50 MMOs in 50 Days #30: Marvel Heroes

Last played: 2014
Experience: Minimal

It causes me physical pain to play Marvel Heroes. No, not in the “this game is so bad it hurts” way… I actually rather like it.

It’s just how I am with ARPGs. There’s… so… much… clicking! Click on all the mobs. Click on the floor to cast your spell. Click on all the loot (and there’s a lot of it). Click. Click. Click. Click. Click. Click. Click. Click. Click. Click.

After a couple hours of Marvel Heroes, my hand was so sore, I had a hard time mousing for two days. I haven’t been back since, apart from a brief media tour I got a few months ago, and don’t know that I ever will. Maybe after I’m bitten by a radioactive spider and gain superhuman clicking powers…

That said, if you like ARPGs and, well, Marvel heroes, it’s a fine game. And while its launch wasn’t “original Final Fantasy XIV” bad, it was still a little rocky. Like Square Enix and FFXIV, Gazillion’s done a commendable job of rehabilitating the game, regularly adding new content and new heroes, all of which is meant to be accessible to a wide range of players and enable numerous different play styles.

MH_SCREEN_042314_012Admittedly, from what I’ve seen, most of that variety does still come in the “kill everything and then some” kind of gameplay that’s not uncommon in most hack-and-slash titles, but seems especially prevalent in ARPGs. That could be another reason I’ve never really gotten into them; I’m more of an exploratory type than a “make my numbers as big as they can possibly be” type. Obviously, that hasn’t stopped plenty of ARPGs from being big successes, and I’m not totally averse to a little mindless grind here and there, but it’s just not what I’m looking for in large doses, carpal tunnel or no carpal tunnel.

One thing I was pleasantly surprised by was how much of an MMO it was. I was expecting your typical instanced APRG world, where you find, at most, you and your friends in each area. Marvel Heroes has instanced areas, true, but also plenty of “open-world” content, random bosses, and so on, adding a nice element of randomness that helps keep things fresh. Granted, I only played it around when it launched, so I don’t know how occupied those areas still are…

I think Marvel Heroes straddles a pretty good line between presenting a fun and strategic ARPG while not being overwhelmingly complex. In other words, it’s an ARPG meant to appeal to the masses, especially those who aren’t hardcore gamers. Heck, it even says on the website that it has “very simple intuitive controls.” It maybe not be as robust, and certainly isn’t as adult-themed as Diablo or Path of Exile, but it doesn’t have to be. If you’re looking for a “casual ARPG,” it’s as good a place as any to start.

Advertisements
This entry was posted in 50 in 50, MMOs, Video Games and tagged , , , . Bookmark the permalink.

4 Responses to 50 MMOs in 50 Days #30: Marvel Heroes

  1. There are very few MMOs I’ve played that I genuinely disliked. I’ve encountered lots of mediocrity, lots of forgettable games, lots of games where I couldn’t find a motivation to log in after two or three days. But very few that were actually unfun, actually unplayably bad.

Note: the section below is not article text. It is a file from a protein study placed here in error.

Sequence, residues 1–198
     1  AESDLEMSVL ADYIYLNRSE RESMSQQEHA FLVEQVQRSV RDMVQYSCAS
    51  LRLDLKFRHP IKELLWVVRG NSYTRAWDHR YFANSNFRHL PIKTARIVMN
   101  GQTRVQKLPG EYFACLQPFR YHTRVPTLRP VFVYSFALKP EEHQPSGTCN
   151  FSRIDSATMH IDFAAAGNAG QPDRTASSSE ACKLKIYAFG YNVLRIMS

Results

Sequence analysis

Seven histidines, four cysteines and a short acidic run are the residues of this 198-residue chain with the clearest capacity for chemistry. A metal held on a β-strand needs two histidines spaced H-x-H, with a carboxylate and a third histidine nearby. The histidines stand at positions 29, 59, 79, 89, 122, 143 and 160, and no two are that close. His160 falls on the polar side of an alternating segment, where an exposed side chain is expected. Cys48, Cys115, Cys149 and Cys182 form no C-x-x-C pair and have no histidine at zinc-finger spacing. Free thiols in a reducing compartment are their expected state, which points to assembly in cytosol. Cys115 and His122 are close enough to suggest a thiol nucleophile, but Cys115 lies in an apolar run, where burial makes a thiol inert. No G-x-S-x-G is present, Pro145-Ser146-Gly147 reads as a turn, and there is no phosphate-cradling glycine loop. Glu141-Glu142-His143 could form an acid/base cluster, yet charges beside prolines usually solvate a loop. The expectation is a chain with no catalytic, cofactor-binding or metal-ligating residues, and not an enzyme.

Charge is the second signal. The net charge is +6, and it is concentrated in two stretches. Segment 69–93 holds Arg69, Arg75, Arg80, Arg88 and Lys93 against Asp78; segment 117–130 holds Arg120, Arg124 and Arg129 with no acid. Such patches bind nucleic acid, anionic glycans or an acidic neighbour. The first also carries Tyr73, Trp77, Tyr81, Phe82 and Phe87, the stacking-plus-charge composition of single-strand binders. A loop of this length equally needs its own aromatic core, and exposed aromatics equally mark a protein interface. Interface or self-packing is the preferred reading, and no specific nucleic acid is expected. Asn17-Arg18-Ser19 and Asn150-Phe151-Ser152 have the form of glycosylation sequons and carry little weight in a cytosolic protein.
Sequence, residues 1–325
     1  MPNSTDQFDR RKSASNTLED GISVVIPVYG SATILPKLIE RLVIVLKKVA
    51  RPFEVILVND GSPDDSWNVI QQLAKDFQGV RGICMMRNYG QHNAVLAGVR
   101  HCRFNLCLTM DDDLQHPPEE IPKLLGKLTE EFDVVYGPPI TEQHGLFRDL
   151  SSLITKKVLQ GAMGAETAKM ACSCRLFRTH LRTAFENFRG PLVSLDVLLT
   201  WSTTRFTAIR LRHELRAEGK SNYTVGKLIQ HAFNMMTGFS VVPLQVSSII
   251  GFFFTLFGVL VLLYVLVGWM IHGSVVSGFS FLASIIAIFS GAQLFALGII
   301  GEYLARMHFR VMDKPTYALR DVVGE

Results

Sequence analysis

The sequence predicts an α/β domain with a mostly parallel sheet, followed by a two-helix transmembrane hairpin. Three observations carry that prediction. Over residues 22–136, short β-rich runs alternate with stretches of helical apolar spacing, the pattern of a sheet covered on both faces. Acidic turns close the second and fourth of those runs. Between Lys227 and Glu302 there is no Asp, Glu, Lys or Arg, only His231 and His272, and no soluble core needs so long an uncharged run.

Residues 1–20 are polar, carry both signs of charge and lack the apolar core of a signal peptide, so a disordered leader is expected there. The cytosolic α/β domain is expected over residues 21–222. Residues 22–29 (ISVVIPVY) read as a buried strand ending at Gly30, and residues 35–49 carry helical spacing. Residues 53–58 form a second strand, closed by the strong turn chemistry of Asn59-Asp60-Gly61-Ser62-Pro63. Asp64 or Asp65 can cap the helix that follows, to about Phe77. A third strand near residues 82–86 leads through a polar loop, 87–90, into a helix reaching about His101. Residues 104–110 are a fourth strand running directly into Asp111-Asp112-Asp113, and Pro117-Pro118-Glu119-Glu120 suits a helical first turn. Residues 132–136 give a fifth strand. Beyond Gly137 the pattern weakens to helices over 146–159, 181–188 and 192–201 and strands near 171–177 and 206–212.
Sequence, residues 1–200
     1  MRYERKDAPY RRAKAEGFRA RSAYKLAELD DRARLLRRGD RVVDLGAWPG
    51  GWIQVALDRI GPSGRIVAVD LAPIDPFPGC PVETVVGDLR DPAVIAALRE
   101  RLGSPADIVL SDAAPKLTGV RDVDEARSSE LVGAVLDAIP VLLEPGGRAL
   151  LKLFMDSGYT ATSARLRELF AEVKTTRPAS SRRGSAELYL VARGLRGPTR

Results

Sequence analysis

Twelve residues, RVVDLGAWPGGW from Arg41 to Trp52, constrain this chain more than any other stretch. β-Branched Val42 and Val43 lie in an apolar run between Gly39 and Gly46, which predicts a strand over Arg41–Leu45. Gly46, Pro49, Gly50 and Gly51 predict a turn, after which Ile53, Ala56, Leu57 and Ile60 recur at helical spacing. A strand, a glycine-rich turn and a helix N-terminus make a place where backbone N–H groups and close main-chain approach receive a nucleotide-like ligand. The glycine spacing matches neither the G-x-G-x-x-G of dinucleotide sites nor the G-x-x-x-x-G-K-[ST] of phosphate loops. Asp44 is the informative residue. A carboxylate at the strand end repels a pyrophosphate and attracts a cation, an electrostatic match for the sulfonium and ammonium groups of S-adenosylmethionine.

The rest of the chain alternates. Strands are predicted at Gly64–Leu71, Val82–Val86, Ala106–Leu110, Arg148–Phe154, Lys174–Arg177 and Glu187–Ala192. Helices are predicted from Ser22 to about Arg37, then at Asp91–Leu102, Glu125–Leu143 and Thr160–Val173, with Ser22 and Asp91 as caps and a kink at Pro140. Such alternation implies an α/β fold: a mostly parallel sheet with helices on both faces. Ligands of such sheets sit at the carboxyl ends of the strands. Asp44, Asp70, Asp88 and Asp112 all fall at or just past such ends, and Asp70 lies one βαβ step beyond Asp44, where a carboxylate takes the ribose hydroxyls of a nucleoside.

Marvel Heroes is one of them.

    There are many things that bugged me about it, such as the business model, which is one of the worst I’ve seen. (“Oh, you picked a character you didn’t like? Screw you, pay up, chump!”)

    However, what killed the game for me was how unbelievably easy it was. I don’t go into an MMO or an ARPG expecting intense challenges, but my God, you don’t even have to pretend to try in Marvel Heroes. I was playing Storm and equipped an ability that surrounded her in a constant damage aura, and it just one-shot everything on the screen save for elites and bosses. And they could be defeated simply by running in circles around them for a few seconds. So the entire game devolved into just auto-running around the map and hoovering up loot. I literally could defeat everything without using any commands other than move.

    I imagine it probably gets harder at higher levels, but who has the patience to wade through such tedium? I can’t even call that bad gameplay, because that would require acknowledging that it is gameplay.

    The one good thing I can say is that it had surprisingly good voice acting. A little cheesy, of course, but in a charming way.

    • jasonwinter says:

      Maybe it was my lack of ARPG skill, but I thought the game was at least nominally challenging (I played Scarlet Witch), at least no worse than any single-digit-level RPG. I never quite understood the character choice conundrum — again, it’s standard practice for a F2P game to let you have one character, but if you want an alt (or several), you have to pay. In any case, I know they changed that part of the game, so maybe they changed the challenge level, too.

      • Off the top of my head, I’m not aware of any F2P game that limits you to only one character without paying. Even SW:TOR gives you two by default. And if you don’t like your choice of class, most games let you delete the character and reroll. Not so in Marvel Heroes.

      • jasonwinter says:

        Oh, if you can’t even delete and start over, that is pretty lame.

Leave a Reply

Fill in your details below or click an icon to log in:

WordPress.com Logo

You are commenting using your WordPress.com account. Log Out / Change )

Twitter picture

You are commenting using your Twitter account. Log Out / Change )

Facebook photo

You are commenting using your Facebook account. Log Out / Change )

Google+ photo

You are commenting using your Google+ account. Log Out / Change )

Connecting to %s